MRB editor-in-chief Timothy Michael Law talks to Sebastian Brock in Oxford. Formerly Reader in Syriac Studies in the Oriental Institute in Oxford and currently Professorial Fellow at Wolfson College, Brock is widely recognized as the world’s leading authority on Syriac language and history. He is a Fellow of the British Academy and in 2009 received the honor of the Leverhulme Medal and Prize. The Medal is awarded every three years for “a significant contribution to knowledge and understanding in a field within the humanities and social sciences.” Continue reading
Below is an excerpt from a review of Mark Harris’s The Nature of Creation, originally published by LARB Channel Marginalia earlier today.
In 2003, an international research group successfully mapped the human genome, exposing for the first time the mass of genetic information encoded in human DNA. This event changed the ideological landscape of conversations on the Bible and science, in part because it produced genetic evidence for the evolutionary relationships between humans and many other species. This explosion of genetic data has prompted many questions about human origins and demands a renewed examination of the biblical text and of Christian theology. Meanwhile, recent work in biblical studies has encouraged new readings of creation literature — particularly in the book of Genesis — thereby reconfiguring the Bible’s relationship to science. Yet, few scholars are competent in both the hard sciences and biblical studies. Even fewer approach the confluence of these two fields without a predetermined agenda to promote. Mark Harris, however, is competent — he is trained in both physics and theology — and even-handed in his new book, The Nature of Creation: Examining the Bible and Science. Continue reading
Non-Muslims, including Jews and Christians, have spoken Arabic since before the revelation of the Qur’an. Was there an Arabic Bible before the rise of Islam? Or, did the appearance of the Arabic Qur’an shape the Arabic Bible? These are among the questions addressed in Sidney Griffith’s masterful book, The Bible in Arabic. Continue reading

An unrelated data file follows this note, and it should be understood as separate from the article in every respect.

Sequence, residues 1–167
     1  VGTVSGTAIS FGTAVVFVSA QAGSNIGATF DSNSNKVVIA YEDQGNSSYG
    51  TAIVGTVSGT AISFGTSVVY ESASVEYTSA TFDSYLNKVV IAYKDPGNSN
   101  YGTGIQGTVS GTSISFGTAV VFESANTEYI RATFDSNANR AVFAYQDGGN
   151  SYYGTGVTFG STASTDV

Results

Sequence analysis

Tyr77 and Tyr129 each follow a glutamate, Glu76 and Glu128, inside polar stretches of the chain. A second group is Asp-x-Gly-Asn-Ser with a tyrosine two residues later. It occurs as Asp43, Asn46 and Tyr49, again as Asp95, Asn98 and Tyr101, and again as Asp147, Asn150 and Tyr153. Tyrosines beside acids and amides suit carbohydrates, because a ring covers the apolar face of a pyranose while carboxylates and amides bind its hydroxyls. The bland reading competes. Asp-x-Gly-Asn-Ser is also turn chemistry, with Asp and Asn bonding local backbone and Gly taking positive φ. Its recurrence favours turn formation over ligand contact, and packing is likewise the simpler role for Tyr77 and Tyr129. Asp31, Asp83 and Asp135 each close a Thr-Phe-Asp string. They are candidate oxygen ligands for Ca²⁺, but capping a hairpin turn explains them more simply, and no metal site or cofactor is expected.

Marginalia’s interview with Elizabeth Johnson, part of their ongoing series of radio-style interviews, was published today. Elizabeth Johnson is Distinguished Professor of Theology at Fordham University, and author of many bestselling books, including Quest for the Living God. Her new book is Ask the Beasts: Darwin and the God of Love. The book’s title comes from chapter 12 of Job: “Ask the beasts, and they will teach you; the birds of the air, and they will tell you; ask the plants of the earth, and they will teach you; and the fish of the sea, will declare to you [that they come from the hand of God.]”
The beginning of the essay over on Marginalia, by Rowan Williams:
When we say that something is true or adequate, what are we claiming?
We might be implying that we have captured the essence of what we are talking about, that we are representing exhaustively or isomorphically the structure of the object. Increasingly, though, philosophical discourse has rendered such a claim problematic, and in connection with language about God it is especially difficult: such claims can be morally objectionable as well as philosophically over-ambitious. Continue reading
(With today’s post, the LARB Blog continues featuring content from its new Channels Project. The LARB Channels — which include the websites Avidly, Marginalia and Boom — are a community of independent online magazines specializing in literary criticism, politics, science and culture, supported by the Los Angeles Review of Books. Today’s post comes from Marginalia, an international, open access review of literature and culture in the nexus of history, theology, and religion.)
Last week, Marginalia published this essay on the risks and rewards of translating poetry – we think it deserves a read. The essay, written by Rachel Tzvia Back, records the challenges of translating Tuvia Ruebner from Hebrew to English. Translating Ruebner is particularly compelling, Back notes, because of “the fact that Ruebner’s poetry and poetic sensibility occupied from the very beginning a place of being ‘always already in translation,’ a place of in-betweenness, doubleness and fragmentation.” Continue reading